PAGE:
Given all that uncertainty, it would be unwise to offer a confident assessment of what's really going on.  But the emerging crisis surrounding the Awakenings and the uptick in violence do both seem to be primarily driven by the continuing refusal of Maliki and the Iraqi government to make meaningful political accommodations and their decision to move against at least some of the Awakenings groups at a convenient moment.  

 The official moves against the Awakenings look like salami tactics, divide and rule rather than a full-scale assault. Maliki, as in the past, seems quite happy to work with parts of the Anbar Awakenings (talk of a political deal with Ahmed Abu Risha is in the air again) even as he moves against Awakenings elsewhere.  Maliki's government sees very clearly how fragmented, mutually mistrustful and competitive the Awakenings are.  They are likely gambling that this fragmentation creates such intense coordination problems that they can take out a few of their most dangerous potential enemies here and there without triggering a widespread Sunni uprising.  Watching the reaction of the various Awakenings thus far -- as some protested angrily but others cheered -- suggests that they are right.  It's a dangerous game, though.  The question would be whether there is some tipping point, at which a large number of uncoordinated and self-interested small groups suddenly switch sides (as arguably happened in the other direction in the spring of 2007).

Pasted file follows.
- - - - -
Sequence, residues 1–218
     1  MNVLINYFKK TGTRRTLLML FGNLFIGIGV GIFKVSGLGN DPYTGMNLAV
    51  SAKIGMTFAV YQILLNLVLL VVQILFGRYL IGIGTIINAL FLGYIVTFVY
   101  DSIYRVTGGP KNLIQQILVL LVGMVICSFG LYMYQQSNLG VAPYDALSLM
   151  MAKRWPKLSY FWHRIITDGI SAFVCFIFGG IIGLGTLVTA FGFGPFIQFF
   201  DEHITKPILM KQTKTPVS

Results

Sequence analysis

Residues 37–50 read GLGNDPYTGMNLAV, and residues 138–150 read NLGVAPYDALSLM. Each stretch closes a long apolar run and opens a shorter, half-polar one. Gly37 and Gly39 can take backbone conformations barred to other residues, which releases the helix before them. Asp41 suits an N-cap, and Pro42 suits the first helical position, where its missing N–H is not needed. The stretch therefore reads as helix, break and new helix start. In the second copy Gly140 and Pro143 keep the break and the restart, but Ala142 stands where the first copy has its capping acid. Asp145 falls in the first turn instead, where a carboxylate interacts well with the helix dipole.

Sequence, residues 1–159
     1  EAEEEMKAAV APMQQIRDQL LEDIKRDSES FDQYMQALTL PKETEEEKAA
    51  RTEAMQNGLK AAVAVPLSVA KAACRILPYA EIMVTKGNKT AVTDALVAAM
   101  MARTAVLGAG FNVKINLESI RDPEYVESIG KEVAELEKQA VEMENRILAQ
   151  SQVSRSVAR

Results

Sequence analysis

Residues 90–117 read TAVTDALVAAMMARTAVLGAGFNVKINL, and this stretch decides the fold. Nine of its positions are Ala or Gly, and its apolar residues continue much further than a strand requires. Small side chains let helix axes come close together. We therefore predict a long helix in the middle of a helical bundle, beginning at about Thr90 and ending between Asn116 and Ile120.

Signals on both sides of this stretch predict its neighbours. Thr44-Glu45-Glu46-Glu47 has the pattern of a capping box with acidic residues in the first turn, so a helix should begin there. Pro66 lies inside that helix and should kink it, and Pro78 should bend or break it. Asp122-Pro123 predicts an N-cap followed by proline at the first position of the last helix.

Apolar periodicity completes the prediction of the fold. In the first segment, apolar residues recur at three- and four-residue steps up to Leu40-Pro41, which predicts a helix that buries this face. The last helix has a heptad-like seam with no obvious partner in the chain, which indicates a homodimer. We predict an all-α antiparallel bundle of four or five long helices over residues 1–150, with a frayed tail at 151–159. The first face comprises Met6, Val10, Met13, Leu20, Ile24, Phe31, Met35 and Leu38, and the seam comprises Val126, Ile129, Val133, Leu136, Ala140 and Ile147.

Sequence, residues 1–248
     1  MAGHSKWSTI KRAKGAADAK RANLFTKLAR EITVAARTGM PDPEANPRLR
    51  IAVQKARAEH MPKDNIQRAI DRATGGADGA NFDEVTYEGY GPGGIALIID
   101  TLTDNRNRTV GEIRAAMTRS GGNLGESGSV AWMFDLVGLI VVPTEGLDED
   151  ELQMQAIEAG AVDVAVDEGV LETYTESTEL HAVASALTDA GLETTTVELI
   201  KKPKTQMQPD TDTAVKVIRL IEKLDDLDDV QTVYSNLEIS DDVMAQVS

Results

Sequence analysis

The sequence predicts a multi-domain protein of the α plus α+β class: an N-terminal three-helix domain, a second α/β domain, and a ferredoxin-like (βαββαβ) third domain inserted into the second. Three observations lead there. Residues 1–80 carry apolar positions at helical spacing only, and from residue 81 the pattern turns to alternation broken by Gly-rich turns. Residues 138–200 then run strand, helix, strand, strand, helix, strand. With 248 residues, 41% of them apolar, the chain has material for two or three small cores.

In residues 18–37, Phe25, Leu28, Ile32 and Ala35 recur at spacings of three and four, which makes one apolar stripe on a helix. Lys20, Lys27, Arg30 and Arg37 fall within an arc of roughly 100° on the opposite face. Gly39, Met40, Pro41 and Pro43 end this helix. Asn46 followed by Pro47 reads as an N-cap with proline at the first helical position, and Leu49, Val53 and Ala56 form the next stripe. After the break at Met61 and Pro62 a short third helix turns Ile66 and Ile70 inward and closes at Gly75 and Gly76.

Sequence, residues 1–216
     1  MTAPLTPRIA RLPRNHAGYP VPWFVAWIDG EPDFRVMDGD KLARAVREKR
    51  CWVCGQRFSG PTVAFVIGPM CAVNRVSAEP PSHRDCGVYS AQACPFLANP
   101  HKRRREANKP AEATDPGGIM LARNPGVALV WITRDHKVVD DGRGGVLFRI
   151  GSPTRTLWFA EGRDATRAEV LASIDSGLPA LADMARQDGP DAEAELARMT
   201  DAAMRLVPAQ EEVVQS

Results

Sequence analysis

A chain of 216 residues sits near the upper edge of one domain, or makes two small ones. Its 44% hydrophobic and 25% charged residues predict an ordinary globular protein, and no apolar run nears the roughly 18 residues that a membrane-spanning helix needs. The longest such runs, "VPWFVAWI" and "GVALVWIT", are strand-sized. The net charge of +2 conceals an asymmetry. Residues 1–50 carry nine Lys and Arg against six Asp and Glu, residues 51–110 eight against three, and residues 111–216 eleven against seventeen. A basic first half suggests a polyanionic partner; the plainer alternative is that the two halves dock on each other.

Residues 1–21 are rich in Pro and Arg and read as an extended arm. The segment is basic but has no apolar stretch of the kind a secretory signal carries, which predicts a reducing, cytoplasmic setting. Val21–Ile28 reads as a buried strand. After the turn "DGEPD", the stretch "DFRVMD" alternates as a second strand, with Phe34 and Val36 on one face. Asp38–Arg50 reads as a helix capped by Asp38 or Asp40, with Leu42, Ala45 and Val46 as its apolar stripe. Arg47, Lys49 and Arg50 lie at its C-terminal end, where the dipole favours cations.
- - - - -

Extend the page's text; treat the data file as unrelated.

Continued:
It would not take a revolt en masse for a change in the status of the Awakenings to have an effect on security.  In a recent interview with al-Arabiya, Salah al-Mutlaq warned that the government's failure to deliver on its promises of security and civil jobs to the Awakenings and the arrest of a number of Awakenings leaders were spreading fear and uncertainty through their ranks. Members who aren't getting paid, see their leaders targeted, and see diminishing prospects of future payoffs could begin to fade away. They could stop performing their local security functions, allowing violent groups easier access to areas which had been off-limits for the last year or two.   Or some could return to violent action in an individual capacity -- and even if only 10% went that route, that could put 10,000 hardened fighters back into play (in addition to people recently released from the prisons, another issue which factors in here).